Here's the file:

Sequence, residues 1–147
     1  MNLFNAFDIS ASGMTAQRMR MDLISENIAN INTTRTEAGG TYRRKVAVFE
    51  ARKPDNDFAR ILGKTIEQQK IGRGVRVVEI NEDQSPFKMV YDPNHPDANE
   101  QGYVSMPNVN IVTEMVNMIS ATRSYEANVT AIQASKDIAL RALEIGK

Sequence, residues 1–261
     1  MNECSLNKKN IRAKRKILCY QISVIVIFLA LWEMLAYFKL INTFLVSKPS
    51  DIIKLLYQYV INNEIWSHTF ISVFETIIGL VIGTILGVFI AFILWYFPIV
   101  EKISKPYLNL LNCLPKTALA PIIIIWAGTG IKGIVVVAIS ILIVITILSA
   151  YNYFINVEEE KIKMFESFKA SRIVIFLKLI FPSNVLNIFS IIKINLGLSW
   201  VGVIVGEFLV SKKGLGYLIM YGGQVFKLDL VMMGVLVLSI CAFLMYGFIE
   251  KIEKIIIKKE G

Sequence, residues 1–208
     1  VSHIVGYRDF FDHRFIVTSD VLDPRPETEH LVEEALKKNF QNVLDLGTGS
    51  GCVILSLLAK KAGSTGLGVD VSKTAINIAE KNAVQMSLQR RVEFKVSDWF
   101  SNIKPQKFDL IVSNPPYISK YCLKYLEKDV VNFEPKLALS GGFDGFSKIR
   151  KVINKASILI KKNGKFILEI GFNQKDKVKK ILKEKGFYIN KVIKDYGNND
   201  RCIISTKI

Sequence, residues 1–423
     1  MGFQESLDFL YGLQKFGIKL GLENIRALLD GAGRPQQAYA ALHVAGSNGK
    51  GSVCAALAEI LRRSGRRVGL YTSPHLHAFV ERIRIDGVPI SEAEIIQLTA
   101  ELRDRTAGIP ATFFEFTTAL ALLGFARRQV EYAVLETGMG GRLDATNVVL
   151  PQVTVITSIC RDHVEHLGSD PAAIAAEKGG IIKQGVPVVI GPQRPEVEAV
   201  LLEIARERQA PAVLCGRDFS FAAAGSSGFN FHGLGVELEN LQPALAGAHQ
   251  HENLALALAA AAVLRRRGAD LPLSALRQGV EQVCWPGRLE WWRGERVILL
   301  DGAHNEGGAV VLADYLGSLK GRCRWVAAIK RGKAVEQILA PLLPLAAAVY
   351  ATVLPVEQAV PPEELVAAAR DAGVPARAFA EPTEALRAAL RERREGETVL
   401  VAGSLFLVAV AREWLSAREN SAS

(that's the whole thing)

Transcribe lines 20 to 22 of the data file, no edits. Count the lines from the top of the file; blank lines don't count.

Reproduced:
    51  GSVCAALAEI LRRSGRRVGL YTSPHLHAFV ERIRIDGVPI SEAEIIQLTA
   101  ELRDRTAGIP ATFFEFTTAL ALLGFARRQV EYAVLETGMG GRLDATNVVL
   151  PQVTVITSIC RDHVEHLGSD PAAIAAEKGG IIKQGVPVVI GPQRPEVEAV